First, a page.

W3C home > Mailing lists > Public > www-style@w3.org > May 2005

Re: Property "rotate"

From: Wingnut <wingnut@winternet.com>
Date: Sun, 15 May 2005 13:06:20 -0500
Message-ID: <42878F9C.8040701@winternet.com>
To: www-style@w3.org

Manuel Strehl wrote:
> Hello.
> 
> Every time I used CSS for styling web pages I found myself wondering, why there isn't a property to rotate objects. For example, on the W3C recommendation pages is a picture with text running from bottom to top (fixed background of the body). Using a style property like rotation, one could simply define it as a rotated div.
> My question is: Has a property like this ever been suggested, and if yes, what were the arguments against it? Because in my opinion such would allow to reduce the necessary amount of pictures by quite a bit (like two pictures being just one, if you'd like to display an ornament on top and vice versa on the bottom of your page).
> 
> Suggestion like:
> div { rotate:-90deg; }
> 
> Manuel
> 
> 
> 
> 

Hi Manuel (and commentors)!

    I once did some yacking about z-rotation... in the bowels of this 
thread...

http://lists.w3.org/Archives/Public/www-html/2004Feb/0001.html

I don't have the slightest idea of how browsers deal with "flow" and 
"layout", but I can imagine some problem areas with z-rotation of box 
models. (box models = html element-like critters)

First, once a div is rotated... say 90 degrees clockwise... did the 
box's bottom PADDING and MARGIN... rotate as well? 
style="padding-bottom: 4pt;" now affects the LEFT padding instead?  Or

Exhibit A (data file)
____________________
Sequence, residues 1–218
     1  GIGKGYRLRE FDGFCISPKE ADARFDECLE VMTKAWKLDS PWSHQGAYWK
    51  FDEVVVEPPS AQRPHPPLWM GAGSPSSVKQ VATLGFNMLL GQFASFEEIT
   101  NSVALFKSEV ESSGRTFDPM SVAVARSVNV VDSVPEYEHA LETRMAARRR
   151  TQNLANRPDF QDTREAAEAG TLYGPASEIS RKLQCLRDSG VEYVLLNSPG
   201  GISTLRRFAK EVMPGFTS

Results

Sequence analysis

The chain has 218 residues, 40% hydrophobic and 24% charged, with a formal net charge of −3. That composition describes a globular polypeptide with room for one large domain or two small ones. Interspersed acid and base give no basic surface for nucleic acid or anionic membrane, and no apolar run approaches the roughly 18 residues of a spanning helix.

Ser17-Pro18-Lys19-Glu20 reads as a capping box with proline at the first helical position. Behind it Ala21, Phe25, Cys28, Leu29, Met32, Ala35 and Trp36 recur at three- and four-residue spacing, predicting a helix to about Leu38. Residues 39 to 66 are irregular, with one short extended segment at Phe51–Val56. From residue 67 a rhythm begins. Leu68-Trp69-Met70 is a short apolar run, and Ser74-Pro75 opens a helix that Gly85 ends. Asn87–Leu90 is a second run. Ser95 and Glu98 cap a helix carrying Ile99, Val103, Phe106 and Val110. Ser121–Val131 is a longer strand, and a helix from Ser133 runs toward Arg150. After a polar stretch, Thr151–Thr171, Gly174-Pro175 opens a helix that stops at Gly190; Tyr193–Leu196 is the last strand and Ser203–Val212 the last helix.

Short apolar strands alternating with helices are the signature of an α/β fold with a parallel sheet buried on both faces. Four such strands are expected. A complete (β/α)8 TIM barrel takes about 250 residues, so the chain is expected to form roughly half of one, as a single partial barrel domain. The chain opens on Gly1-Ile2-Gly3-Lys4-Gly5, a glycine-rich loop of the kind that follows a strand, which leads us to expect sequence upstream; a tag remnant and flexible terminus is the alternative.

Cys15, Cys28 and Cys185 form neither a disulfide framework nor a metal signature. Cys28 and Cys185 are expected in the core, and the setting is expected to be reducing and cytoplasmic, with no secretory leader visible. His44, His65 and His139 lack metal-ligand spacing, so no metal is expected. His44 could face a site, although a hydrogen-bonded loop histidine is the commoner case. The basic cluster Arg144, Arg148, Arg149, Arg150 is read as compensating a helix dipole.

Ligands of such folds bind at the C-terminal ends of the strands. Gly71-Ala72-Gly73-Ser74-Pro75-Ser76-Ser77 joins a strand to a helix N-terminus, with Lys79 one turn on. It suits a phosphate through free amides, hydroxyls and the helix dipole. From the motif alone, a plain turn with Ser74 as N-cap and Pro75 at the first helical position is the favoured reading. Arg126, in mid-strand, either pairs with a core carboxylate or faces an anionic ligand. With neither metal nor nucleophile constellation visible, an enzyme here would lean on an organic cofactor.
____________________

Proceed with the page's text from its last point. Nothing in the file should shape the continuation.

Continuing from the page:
not?  *shrug*

Secondly, there's content.  Let pretend that's there's some text in the 
rotated div.  Did that rotate too?  Did the chars tip sideways, so that 
their tops aim to the right now?  Or did the text take on a vertical 
layout AS A PHRASE, but the chars themselves never rotated?  And how do 
all these hassles affect css props like lineHeight, letterSpacing, 
widths, heights, and the myriad of critters allowed
in the css 'display' property.

Now, what if the content ISN'T "just" text, but a table, or form 
elements, or an image, or a media player plugin?   Does IT spin too?  If 
so, small animals need to go hide right now. :)

That's why I suggested "we" overload the OBJECT element... in such a way 
as to allow it to make "specialty nodes".  (I wanted rotatable arrows, 
circles, and (angled) annotation-allowances so teachers could "grade" 
webpapers from students... with red lines and comments and all those 
other esteem-destroying things.)

The object element is already all-ready for huge expansionism, via its 
PARAM child elements.  One still has to fight with the problem of how to 
'flow' such a critter.  One might consider growing a "second dom tree" 
that doesn't interfere with the primary one.  Its a "layer" over the 
display of the primary dom tree... and its members are absolutely 
positioned in reference to the primary dom tree.  This is no easy task 
for the flow-meisters either, as you my suspect.

Yep, rotating box models around various axis... would be nice... jaggies 
and all... but its still left to other methods.  Most use paintbox 
programs to fake it... with images, or use contorted SVG or VRML 
operations to accomplish it.  I've seen some abolutely wonderful stuff 
in VRML, and the whole world of 3D websurfing is still ahead.  The DOM 
trees are called 'scene graphs' in that land. When you see onCollision 
and onOverlap hit the box model events, you know we're starting to 
gear-up. :)  3D browsing will become VERY common eventually, and CSS 
styling will take on a whole new meaning in that world.  Can you wait 
for a few years... for when your box models can REALLY rotate... and 
bonk you on the head, and dance like Gilda Gray, or up and fly away on ya?

Best regards!
Wingnut
Received on Sunday, 15 May 2005 18:08:44 GMT

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